At the turn of the New Year, there was much excitement around my home. It seems that TIME magazine had declared me their Person of the Year. And, God bless them, TIME did the same for you. And you. And you as well.
Congratulations. Your parents all must be very proud!
TIME magazine determined that we all were collaborating in the content of the news. News, however, is no longer found in the old media but on the internet. As we were make our own contributions to the home-grown on-line encyclopedia known as Wikipedia; as we develop our own media with pod-casts and YouTube, as we chronicle our own lives on MySpace – we are revolutionizing the world.
Therefore, “You” were selected as TIME’s Person of the Year.
In earlier times, the news discussed the happenings of the world outside of our own personal experience, but, which also had potential consequences for us: a war, a murder, a direction or agenda being set by a political leader. More recently, the news has been distilled into manageable clips or sound bites, “news that I could use.” Today, however, the 1968 prediction by artist Andy Warhol that “In the future, everyone will be world-famous for 15 minutes” is becoming reality. Today it is easy to fall into the trap of believing that “I am the news.”
Our challenge becomes understanding how to address our own sense of celebrity. Those who are celebrities have gained some sense of notoriety or attention. The world can be quick to affirm that we are all worthy of such interest.
There are entire sections of any bookstore designed to help us be the better center of our own worlds. How can I be a better parent? How can I change my work environment? How can I become the life of the party?
Our faith, however, does not call us to be celebrities of our own little universes.
Our Catholic faith demands that we live lives that are worth being celebrated. Those who are celebrities have an impact that is very short-lived. A celebrated life can make a difference for a lifetime, for generations.
Throughout the public life of Jesus, He chose to live a life worth celebrating. Jesus Christ never opted to become a Superstar.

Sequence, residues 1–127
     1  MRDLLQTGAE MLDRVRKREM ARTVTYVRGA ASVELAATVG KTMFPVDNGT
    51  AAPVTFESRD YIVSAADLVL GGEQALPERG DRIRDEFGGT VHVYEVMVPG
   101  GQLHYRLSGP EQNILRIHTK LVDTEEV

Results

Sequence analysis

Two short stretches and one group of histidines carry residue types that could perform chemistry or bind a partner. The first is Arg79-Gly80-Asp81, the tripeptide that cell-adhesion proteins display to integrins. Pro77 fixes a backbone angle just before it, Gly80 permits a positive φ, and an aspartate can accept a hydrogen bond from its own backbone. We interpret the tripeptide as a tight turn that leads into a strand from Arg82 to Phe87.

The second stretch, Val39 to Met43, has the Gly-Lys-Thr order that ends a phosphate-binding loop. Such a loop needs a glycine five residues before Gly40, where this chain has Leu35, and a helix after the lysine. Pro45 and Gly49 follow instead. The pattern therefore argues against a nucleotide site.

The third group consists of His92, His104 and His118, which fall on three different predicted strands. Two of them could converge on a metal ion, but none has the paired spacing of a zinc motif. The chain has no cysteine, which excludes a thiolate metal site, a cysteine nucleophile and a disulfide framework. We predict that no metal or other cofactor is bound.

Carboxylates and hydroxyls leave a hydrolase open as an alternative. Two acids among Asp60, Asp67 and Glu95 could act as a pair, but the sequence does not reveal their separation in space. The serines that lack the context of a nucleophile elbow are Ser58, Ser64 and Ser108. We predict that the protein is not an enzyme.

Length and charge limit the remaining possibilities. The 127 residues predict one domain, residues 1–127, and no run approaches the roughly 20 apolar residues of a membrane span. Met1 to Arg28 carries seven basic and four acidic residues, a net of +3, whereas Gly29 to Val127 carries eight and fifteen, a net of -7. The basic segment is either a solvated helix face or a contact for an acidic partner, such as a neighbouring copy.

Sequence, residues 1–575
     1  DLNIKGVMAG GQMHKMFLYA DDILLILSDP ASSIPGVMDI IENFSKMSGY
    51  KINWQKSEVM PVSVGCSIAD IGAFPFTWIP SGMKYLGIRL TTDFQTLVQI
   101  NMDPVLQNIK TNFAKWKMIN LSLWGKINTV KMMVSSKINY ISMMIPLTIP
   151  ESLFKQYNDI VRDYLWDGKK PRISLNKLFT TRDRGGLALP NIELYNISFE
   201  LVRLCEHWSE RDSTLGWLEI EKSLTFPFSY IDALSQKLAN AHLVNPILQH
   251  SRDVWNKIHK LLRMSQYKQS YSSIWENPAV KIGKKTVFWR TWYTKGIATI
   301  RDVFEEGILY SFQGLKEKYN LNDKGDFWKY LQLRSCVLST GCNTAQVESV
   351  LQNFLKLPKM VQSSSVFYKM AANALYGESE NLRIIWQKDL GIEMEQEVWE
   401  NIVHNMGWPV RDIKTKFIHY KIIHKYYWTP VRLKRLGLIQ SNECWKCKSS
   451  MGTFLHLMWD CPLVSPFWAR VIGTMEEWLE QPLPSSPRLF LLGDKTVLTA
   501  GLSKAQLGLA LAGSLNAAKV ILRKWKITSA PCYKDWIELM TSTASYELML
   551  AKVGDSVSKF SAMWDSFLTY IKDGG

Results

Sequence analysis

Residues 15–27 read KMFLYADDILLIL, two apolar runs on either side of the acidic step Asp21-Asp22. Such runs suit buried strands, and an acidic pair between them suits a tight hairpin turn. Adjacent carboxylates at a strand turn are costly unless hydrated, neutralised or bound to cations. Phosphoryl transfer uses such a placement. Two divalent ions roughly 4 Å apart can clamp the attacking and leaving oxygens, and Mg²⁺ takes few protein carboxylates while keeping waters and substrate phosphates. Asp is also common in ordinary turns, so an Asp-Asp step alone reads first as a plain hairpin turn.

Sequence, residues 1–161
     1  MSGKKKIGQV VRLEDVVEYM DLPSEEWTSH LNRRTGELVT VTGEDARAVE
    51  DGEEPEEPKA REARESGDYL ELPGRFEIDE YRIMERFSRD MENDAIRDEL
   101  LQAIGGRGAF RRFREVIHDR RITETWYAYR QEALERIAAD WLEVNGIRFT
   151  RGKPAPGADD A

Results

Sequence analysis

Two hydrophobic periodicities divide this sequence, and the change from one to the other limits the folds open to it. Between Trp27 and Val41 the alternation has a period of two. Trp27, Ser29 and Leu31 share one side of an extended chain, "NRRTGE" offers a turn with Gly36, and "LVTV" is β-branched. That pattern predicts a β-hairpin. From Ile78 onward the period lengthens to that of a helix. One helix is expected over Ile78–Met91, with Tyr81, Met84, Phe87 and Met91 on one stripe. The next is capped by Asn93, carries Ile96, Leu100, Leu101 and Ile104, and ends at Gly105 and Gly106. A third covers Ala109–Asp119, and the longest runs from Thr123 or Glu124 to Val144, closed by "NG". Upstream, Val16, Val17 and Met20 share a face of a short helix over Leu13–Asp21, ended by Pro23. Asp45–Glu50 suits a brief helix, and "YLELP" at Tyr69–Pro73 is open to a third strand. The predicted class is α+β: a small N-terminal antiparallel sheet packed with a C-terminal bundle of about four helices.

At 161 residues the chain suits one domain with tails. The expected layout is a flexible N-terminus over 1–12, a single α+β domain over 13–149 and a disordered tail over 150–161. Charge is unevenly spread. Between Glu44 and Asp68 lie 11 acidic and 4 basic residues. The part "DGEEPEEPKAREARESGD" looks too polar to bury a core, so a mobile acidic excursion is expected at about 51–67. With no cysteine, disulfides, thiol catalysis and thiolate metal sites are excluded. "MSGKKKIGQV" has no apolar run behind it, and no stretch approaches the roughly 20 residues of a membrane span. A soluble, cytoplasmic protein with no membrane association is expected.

Jesus had a public baptism but followed this event with a private retreat into the desert. The crowds gathered to hear his teaching, but he would often remove himself from the crowds after speaking about the Reign of God.
Jesus was a miracle worker who usually quietly asked those he healed not to tell others about what had happened. Miracles were not a special-effects devise to keep the crowds intrigued but a personal sign of God’s love and forgiveness.
At the conclusion of the Lenten season, we acknowledge the pinnacle of fame that the public Jesus achieved. During Holy Week, we see the celebration of Palm Sunday quickly fade into the scandal of a public execution. The fame and notoriety of the prophet/messiah only called attention to His sacrifice.
It was a sacrifice for me. And you. And you. And you as well.
The public life of Jesus is rich with examples on how to be loving and forgiving, how to look to God for all our needs, how to be humble and open. For those of us of faith, we want to emulate a life so well lived. We want to live a life like Jesus whose life we celebrate. We want to be disciples.
So, let us take our newly-found celebrity as TIME magazine’s Person of the Year and see what we might achieve with it. Let us join in a revolution that doesn’t fade after 15 minutes but impacts lifetimes and generations. Let us lead lives of intention and sacrifice that are worth celebration. Not because they call attention to us but because they call attention to the One who is the Good News.
Celebrity vs. Celebrated life.
15 minutes of fame vs. impacting lifetime and/or generations.
The first topic for the six-week spring session of Why Catholic? is “Public Life of Jesus Christ.” Next week, Dr. Ronald J. Valenti, executive director of Catholic Education Ministries for the Archdiocese of Baltimore will write about the second topic, “The Paschal Mystery.”